Ban Says Rwanda 'Critical' to DR Congo Peace


Rwanda is key to ensuring peace in the volatile eastern Democratic Republic of Congo, U.N. chief Ban Ki-moon said Friday as he toured the region to boost a new deal to end decades of violence.

A United Nations-brokered accord, signed in February by 11 regional countries after a bloody uprising by Congo's M23 rebels, seeks to quell a long-running conflict in mineral-rich eastern Congo, which neighbors Rwanda.

That deal "is the best chance for peace in many years," Ban told reporters in the Rwandan capital, fresh from a visit to the DR Congo.

"I am appealing to all leaders to play their part... Rwanda is critical to the framework's success," he added.

Rwanda plays a key role in the region and has been accused by the U.N. of backing the M23 fighters, a claim it denies.

Ban's visit to the region comes after days of fresh fighting between the rebels and Congolese forces that ended months of relative calm in the war-torn region.

On Thursday Ban toured the flashpoint Congolese city of Goma, which remained peaceful during his visit.

Both Kinshasa and the M23 rebels have accused each other of launching hostilities and trying to scupper peace efforts in the restive east.

The latest bout of fighting near Goma, which was briefly seized by the M23 rebel group last November despite the presence of a large U.N. peacekeeping force, has sent thousands of people fleeing.

From Kigali, Ban flew to Entebbe in Uganda where he met with Ugandan President Yoweri Museveni.

Uganda has also been accused of backing M23, but rejects the claims.

Ban said Museveni had assured him that peace talks between M23 and the DRC government would continue in Kampala.

"The people of DRC have suffered too much for too long. They are tired of war, tired of poverty, tired of impunity," Ban said in Entebbe.

"All across Africa countries are on the rise to reach their potential. There is no reason that DRC cannot follow suit."

On Thursday, Ban said that the deployment of a new U.N. intervention force of about 3,000 African troops should be accelerated in view of the fresh unrest near Goma, with all the troops expected to be in place in "about one or two months".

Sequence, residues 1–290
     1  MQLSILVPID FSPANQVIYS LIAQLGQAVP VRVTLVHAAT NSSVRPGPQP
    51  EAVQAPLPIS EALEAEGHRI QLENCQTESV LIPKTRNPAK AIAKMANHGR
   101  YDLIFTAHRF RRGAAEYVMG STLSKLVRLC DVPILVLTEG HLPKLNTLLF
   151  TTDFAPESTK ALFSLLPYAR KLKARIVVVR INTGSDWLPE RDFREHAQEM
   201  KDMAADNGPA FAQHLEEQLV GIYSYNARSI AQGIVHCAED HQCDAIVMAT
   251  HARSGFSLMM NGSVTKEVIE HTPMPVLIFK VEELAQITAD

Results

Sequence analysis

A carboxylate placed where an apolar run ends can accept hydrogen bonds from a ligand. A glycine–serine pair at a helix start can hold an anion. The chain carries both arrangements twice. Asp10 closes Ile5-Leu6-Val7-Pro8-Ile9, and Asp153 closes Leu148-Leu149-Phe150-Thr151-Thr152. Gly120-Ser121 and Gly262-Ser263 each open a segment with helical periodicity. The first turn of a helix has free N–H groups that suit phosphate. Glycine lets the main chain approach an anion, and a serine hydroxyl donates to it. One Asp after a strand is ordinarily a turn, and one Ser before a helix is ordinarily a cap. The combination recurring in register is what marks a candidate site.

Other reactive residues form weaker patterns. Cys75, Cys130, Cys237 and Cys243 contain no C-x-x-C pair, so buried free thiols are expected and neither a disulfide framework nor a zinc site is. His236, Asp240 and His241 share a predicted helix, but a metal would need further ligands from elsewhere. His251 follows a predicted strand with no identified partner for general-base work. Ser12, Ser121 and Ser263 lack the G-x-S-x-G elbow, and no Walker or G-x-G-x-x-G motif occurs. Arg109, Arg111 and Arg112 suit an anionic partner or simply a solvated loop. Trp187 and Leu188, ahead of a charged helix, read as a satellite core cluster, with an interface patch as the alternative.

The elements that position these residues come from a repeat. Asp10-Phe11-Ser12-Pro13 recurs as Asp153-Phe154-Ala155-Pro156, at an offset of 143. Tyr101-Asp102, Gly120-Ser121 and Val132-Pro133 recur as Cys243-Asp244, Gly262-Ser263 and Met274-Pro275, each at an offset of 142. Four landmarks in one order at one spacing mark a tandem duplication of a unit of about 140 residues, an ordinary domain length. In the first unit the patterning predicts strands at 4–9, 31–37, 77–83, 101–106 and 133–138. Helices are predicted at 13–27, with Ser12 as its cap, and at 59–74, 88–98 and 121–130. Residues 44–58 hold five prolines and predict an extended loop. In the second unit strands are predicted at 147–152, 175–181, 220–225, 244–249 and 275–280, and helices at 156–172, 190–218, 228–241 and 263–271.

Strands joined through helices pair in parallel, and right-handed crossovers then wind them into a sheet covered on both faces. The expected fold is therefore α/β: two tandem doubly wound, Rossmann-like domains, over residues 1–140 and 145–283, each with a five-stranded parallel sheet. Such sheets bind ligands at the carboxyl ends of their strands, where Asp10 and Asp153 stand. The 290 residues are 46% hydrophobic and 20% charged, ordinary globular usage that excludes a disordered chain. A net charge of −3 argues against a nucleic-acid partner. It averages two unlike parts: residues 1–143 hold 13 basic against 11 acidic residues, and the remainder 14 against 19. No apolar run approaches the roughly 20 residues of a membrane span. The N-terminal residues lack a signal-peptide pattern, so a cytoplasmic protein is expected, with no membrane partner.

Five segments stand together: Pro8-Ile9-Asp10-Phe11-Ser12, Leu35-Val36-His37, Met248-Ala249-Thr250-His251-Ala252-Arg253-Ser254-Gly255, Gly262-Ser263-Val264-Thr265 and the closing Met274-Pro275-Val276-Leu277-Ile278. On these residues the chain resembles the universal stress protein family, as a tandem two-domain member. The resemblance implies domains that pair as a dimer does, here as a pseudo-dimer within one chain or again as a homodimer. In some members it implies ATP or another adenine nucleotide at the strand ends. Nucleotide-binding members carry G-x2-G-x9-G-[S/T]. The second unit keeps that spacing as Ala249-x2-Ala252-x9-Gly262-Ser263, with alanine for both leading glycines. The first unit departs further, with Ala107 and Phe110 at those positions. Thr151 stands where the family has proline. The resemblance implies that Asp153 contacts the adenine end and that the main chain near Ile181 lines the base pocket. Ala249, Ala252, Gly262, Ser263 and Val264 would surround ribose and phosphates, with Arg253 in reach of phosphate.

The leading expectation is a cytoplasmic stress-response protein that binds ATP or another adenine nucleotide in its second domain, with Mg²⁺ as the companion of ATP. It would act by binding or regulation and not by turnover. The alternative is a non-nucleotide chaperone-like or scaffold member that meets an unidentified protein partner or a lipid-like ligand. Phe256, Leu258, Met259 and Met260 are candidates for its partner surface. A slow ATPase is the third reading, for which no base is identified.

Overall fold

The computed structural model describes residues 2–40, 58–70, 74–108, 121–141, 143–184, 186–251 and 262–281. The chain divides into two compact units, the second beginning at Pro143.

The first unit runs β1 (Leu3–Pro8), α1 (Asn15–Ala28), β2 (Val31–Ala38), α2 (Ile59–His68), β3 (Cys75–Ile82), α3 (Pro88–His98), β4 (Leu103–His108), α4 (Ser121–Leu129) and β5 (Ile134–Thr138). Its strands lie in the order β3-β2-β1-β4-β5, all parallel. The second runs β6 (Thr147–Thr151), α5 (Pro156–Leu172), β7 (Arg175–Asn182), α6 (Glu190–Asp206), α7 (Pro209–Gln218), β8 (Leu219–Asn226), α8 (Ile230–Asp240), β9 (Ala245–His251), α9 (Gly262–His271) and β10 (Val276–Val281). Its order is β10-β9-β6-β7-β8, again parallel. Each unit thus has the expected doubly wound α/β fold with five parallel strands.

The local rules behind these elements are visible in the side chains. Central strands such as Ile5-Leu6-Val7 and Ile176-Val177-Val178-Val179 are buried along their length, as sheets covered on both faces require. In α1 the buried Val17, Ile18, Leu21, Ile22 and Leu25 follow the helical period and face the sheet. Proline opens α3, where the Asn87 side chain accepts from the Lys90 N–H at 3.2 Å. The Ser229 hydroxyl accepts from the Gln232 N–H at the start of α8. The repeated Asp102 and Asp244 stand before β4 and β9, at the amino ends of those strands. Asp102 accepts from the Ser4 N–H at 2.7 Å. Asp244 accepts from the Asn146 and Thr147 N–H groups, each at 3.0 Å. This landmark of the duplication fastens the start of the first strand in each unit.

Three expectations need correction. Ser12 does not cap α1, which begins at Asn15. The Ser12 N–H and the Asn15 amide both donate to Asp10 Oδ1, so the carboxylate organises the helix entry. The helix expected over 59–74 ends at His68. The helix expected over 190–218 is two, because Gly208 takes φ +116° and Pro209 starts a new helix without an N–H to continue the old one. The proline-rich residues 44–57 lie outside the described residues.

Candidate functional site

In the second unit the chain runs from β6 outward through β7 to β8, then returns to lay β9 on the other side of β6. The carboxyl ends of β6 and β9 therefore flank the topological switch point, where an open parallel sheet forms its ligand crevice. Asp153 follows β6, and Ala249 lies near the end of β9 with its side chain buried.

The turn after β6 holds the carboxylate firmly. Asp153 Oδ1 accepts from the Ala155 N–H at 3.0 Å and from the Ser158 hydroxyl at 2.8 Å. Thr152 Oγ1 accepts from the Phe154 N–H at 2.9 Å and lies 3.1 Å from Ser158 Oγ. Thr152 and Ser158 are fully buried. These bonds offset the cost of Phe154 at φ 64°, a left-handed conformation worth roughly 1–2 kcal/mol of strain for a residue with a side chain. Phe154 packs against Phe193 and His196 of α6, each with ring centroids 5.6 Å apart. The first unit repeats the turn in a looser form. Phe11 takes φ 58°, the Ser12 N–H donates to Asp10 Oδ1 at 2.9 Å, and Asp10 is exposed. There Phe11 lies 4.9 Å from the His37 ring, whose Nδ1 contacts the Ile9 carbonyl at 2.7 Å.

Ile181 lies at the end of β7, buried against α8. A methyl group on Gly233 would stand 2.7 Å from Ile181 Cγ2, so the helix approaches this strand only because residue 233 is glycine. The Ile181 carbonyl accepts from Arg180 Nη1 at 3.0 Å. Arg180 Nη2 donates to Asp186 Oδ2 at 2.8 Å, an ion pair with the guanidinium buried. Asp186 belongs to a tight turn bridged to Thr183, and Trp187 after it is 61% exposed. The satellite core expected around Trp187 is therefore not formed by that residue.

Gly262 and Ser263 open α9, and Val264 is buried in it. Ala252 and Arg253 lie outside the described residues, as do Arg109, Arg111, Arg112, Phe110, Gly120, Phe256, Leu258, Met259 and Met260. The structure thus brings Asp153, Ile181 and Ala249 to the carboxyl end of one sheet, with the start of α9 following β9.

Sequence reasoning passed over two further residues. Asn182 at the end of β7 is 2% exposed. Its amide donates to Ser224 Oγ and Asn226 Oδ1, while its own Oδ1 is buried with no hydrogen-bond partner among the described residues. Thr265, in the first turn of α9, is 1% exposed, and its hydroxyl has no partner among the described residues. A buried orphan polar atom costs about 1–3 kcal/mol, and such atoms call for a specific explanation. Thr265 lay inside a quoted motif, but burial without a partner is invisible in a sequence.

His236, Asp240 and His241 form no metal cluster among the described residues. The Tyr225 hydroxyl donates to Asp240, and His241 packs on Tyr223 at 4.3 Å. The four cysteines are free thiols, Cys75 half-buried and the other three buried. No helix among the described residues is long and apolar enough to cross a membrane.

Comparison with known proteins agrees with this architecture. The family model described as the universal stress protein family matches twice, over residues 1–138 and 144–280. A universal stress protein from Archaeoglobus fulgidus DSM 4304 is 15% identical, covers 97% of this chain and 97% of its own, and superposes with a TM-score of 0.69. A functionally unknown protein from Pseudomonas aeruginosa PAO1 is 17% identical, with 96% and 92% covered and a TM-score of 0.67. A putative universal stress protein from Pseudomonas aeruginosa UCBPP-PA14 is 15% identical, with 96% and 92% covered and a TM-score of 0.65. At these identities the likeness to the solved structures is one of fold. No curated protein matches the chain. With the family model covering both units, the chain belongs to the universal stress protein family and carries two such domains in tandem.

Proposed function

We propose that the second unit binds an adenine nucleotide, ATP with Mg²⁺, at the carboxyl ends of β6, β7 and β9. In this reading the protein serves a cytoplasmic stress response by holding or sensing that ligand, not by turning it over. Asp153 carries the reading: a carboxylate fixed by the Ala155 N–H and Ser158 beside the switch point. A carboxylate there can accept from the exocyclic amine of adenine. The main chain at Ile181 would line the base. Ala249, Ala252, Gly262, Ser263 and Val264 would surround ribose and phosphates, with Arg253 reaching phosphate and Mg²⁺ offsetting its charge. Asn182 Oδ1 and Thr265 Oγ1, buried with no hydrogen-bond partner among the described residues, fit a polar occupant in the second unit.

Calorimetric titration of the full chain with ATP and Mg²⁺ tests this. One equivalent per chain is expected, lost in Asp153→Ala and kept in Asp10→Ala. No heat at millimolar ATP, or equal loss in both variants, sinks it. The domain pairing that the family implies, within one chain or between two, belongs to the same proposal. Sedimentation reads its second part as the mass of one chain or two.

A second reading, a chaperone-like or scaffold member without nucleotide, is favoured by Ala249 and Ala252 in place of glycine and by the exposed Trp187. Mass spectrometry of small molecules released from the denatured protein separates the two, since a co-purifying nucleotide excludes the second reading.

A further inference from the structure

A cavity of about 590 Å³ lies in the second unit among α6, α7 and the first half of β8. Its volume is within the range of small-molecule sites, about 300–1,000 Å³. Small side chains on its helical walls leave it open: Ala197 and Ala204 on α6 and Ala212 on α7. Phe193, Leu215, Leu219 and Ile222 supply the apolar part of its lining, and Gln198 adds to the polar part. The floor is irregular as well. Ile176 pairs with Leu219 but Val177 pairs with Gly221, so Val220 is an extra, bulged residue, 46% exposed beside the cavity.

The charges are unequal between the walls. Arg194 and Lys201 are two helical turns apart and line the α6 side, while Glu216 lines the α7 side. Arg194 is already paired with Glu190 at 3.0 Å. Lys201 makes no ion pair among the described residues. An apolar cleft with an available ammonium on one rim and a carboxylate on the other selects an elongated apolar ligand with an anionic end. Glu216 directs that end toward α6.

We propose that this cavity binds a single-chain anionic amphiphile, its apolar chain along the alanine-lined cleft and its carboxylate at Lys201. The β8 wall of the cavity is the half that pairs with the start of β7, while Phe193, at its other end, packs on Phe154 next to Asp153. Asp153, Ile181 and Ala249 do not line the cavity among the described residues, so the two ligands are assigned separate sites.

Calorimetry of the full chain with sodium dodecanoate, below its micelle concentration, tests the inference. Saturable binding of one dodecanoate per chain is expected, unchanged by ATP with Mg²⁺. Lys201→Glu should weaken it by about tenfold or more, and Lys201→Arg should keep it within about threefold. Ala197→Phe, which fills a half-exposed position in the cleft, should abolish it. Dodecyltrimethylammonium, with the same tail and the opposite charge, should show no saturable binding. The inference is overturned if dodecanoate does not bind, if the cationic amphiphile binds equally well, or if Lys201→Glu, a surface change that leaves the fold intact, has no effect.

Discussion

The force made up of Tanzanian, Malawian and South African soldiers was approved by the U.N. Security Council in March as its first ever "offensive" peacekeeping brigade.

Despite its vast mineral wealth, the DR Congo -- which covers an area roughly the size of western Europe -- is ranked by the U.N. as the world's least developed country and has been devastated by some of Africa's deadliest wars.

Also on Thursday, Ban visited a memorial in Kigali to Rwanda's 1994 genocide, saying he had been "moved to tears", accepting that the U.N. had "failed in Rwanda" at that time, and vowing to work to ensure "peace and development throughout the Great Lakes region."

Some of those who carried out Rwanda's genocide -- ethnic Hutu extremists -- have since formed rebel groups in eastern DR Congo.

The M23 rebellion in the east last year threatened to drag the region into a fully-fledged war.

M23 -- a largely ethnic Tutsi group of former army defectors -- has vowed to retaliate if attacked by U.N. troops but says it does not intend to retake Goma.

The U.N. has accused M23 of a string of rights abuses including arbitrary executions, forced disappearances and the raping of civilians.

Ban is headed to the Ethiopian capital Addis Ababa next for African Union celebrations on Saturday marking 50 years of the pan-African bloc.

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